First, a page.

I like to slow walk or glide, or just kind of groove backward. I’m older now, so I don’t do all the crazy stuff I used to do. I can do everyone’s style—train ride, all of it—but I try to be a little more careful these days.
CH: Have you been to skate nights in other parts of California, and is there a difference?
Phelicia: Oh, definitely. LA pretty much sets the tone for the state of California, but you have San Diego skaters who come up to LA every weekend to skate. They drive two hours just to skate with the LA skaters. Northern California—they’re not going to make the trip unless it’s a special event. But the mecca of Cali skating is LA.
CH: The film will be broadcast on February 18 on HBO. A lot more people are going to see it because of that. How do you think this film will change the way people think about roller skating?
Phelicia: We are going to have to be ready. Now that our culture’s about to have another big boom again, we will have to have to be friendly, have patience and welcome more people into our environment. We are probably going to feel a little invaded. But that’s the beauty of United Skates. It’s going to make people see that we’re here. We’re going to stay. And they’ll see the magic that happens in our world because it’s a beautiful thing.
CH: Do you hope that more skating rinks will open?
Phelicia: As you can see in United Skates, we’re losing almost three to four rinks a month. We need to make that go backwards, where we are adding rinks, not taking them away.
We’re just going around in a circle over a hundred times, What’s the big deal? You can make money doing it, why not? I might invest in doing it for myself. If I could get a rink, that is the life!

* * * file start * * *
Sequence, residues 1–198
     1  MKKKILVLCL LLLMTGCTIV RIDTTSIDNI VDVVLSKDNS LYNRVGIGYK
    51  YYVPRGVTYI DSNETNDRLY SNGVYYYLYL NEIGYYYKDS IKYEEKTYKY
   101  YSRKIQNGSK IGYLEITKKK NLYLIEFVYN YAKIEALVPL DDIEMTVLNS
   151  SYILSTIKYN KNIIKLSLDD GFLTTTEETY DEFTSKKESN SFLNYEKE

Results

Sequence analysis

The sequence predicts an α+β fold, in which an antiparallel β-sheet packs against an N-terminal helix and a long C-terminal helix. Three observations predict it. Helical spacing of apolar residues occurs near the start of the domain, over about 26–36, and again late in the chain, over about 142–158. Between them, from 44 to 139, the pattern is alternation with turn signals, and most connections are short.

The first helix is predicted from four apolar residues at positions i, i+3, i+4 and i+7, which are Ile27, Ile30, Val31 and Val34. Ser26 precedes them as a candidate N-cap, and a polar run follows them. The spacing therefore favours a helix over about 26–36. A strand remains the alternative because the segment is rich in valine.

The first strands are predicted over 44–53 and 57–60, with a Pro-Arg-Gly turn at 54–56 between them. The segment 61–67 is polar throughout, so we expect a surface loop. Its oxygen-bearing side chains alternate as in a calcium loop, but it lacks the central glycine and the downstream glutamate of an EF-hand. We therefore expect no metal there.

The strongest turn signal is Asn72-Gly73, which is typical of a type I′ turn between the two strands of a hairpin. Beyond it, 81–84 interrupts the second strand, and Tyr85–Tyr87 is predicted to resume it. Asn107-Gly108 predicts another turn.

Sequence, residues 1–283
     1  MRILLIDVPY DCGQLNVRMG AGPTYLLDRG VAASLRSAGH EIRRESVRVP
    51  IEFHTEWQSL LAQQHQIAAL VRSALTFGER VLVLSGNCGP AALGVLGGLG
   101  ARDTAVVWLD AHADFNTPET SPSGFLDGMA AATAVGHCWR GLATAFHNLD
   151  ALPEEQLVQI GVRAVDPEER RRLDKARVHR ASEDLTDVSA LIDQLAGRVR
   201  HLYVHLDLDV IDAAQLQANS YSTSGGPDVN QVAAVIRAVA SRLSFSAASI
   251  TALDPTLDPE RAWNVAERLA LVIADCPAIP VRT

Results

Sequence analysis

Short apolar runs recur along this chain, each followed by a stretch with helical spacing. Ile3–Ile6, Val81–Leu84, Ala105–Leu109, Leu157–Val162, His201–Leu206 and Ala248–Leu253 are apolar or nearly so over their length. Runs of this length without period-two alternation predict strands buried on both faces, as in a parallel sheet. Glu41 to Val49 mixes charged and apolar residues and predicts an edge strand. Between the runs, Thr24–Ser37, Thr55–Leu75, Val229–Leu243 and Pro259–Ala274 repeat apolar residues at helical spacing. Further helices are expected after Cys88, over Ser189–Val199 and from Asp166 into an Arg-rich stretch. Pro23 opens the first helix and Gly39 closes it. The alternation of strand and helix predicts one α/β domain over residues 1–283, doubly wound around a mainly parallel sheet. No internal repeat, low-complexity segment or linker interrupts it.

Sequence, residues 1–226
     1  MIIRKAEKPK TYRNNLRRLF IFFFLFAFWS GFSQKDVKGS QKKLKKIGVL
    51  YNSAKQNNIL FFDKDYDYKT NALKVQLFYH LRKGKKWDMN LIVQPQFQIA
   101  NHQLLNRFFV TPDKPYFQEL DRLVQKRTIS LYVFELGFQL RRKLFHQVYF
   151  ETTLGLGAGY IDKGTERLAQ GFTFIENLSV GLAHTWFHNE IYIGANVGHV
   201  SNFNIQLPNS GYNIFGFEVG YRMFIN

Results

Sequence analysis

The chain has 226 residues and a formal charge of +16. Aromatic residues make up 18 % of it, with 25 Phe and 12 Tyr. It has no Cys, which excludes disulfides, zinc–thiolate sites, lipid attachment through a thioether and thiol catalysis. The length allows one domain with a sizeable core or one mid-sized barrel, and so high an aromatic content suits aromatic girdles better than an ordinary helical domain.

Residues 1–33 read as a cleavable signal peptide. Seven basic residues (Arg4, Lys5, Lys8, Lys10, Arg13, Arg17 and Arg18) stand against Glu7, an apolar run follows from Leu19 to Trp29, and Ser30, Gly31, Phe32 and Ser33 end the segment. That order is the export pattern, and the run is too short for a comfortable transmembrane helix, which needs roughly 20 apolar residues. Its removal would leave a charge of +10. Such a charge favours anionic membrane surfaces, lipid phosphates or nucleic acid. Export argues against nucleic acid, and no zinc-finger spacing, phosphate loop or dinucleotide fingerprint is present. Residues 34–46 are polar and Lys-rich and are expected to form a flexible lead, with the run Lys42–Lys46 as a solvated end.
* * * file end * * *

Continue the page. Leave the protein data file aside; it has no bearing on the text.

CH: That sounds like a great idea!
What was it like having these filmmakers come into the community and document the events that are portrayed in the film?
Phelicia: I wasn’t in the very first cut; I came along later. I saw them at a skate-a-thon in Atlanta. They presented a trailer and I literally had tears in my eyes. The only thing I didn’t like is that the West Coast was not represented, and I’m LA all day. I reached out to them because we get left out a lot. It wasn’t my intent for it to be about me. I just wanted the West Coast represented. Now, it’s been going on so long that they’ve become like family. They got some great moments on camera: crazy moments, bad hair days, good hair days. It just became part of our life, having the camera there.
CH: What kind of reactions have you seen at those screenings from different audiences?
Phelicia: I’ve had people cry. One day we were doing laundry and forgot we were filming, so we threw all the clothes in the girls’ room. In the film you see all these clothes all over the room. This lady came up to me at the LA Film Festival screening and said, “I just want to let you know that you saved my life.” I’m looking at her like, what? She said, “I can’t clean my house like I want to. I have OCD, to the point where I feel suicidal, but seeing you in that scene and your transparency made me know that I was okay.” It blew me away to know that the one thing that makes me cringe is a one thing that saved someone’s life.
The impact of this film is far beyond what I could have ever imagined, and my transparency in the film is what’s blowing people away. If one person’s life is changed then my job for the film is done. It’s reached somebody.
That’s why this film is just phenomenal. It makes you cry and makes you laugh and makes you sad and makes you angry. It touches all your senses. When a film can do that, you know you have something magical.